Crane Industry Services Installs New Simulators | Industry News

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Crane Industry Services LLC (CIS) has taken delivery of three Vortex Simulators from CM Labs Simulations Inc., Montreal, Quebec.

The simulators are designed to help train operators of mobile cranes, tower crane, and excavators, as well as to conduct operator performance checks.

“The addition of simulators into our curriculum is a natural fit,” said Debbie Dickinson, CEO of CIS, which provides blended-learning training techniques, including online introductory training, instructor-led classroom training, hands-on instruction, and on-the-job training. “These simulators also meet our strategic objectives of recruiting and preparing workers for skilled trades in crane operation, construction, heavy industry, and manufacturing,” said Dickinson.

The simulators are housed at the Centered on Safety Training Center located on West Georgia Technical College’s Murphy campus. “We are pleased with the addition of crane and excavation equipment simulators, which provides added value for employers and students in our community,” said Laura Gammage, vice president of Economic Development for WGTC.

The simulators feature a three-screen, motion platform setup plus an instructor’s station. Powered by Vortex Simulation Software, the device simulates multi-body dynamics and captures real equipment behaviors. Just as in real life, the simulated tower crane mast and jib bend and torque according to the weight of the load, while the simulated excavator demonstrates bucket forces, trenching, loading, and soil behavior.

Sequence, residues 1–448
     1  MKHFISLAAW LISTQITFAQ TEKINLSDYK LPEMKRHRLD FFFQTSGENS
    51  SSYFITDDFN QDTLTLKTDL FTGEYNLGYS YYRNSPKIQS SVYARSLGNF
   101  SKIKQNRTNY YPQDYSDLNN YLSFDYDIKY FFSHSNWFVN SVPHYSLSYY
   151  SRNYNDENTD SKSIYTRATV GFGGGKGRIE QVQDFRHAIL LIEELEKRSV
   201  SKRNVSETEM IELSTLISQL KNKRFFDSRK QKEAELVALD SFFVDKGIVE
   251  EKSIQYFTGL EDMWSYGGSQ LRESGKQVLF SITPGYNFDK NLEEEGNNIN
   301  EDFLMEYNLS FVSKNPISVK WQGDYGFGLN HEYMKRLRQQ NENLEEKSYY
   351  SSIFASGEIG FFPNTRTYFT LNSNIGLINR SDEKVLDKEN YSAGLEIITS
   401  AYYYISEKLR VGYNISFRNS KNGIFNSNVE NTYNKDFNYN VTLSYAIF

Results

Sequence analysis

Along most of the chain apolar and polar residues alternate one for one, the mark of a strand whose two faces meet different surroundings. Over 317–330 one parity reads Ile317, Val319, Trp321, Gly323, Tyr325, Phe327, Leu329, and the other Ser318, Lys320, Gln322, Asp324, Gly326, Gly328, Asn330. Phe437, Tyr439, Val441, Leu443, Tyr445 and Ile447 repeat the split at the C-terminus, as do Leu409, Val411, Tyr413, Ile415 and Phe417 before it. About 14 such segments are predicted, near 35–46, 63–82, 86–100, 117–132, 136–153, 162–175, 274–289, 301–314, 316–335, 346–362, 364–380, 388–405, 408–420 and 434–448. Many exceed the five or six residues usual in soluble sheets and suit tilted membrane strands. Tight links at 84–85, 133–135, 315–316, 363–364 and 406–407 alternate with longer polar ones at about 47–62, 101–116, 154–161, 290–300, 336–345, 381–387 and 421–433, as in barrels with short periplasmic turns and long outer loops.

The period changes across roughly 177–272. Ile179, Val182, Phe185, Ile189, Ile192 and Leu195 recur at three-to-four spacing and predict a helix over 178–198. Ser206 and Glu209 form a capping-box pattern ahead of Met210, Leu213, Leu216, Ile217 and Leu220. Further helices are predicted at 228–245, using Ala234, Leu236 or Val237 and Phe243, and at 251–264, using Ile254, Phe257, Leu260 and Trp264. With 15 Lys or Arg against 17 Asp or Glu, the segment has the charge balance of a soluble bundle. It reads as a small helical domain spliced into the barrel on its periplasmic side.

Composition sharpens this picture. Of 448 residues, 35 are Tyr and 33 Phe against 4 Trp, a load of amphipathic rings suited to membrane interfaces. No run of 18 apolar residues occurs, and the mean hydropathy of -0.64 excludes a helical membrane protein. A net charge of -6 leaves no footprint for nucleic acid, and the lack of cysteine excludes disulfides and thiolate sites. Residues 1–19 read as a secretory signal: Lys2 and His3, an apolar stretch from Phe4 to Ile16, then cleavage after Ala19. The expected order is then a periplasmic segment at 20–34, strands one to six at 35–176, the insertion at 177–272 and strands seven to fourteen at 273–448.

The mobile crane simulation is modeled on a 40-ton rough-terrain crane with its boom extended to 102 ft. Among the training module’s features is the ability for the operator to configure the LMI, set alarms, and change the number of parts of line. This simulator will be used as part of a research study conducted jointly by CIS, West Georgia Technical College, and CM Labs.

The research will evaluate inexperienced, moderately experienced, and very experienced operators to determine what operational skill level can be achieved by using crane simulators. The study will start in July and continue for 14 months and/or until 500 operator trainees have participated in the research.

Classes are forming now that incorporate the use of the simulators. For information about available training classes or how to participate in the study, contact (770)-783-9292 or info@CenteredOnSafety.com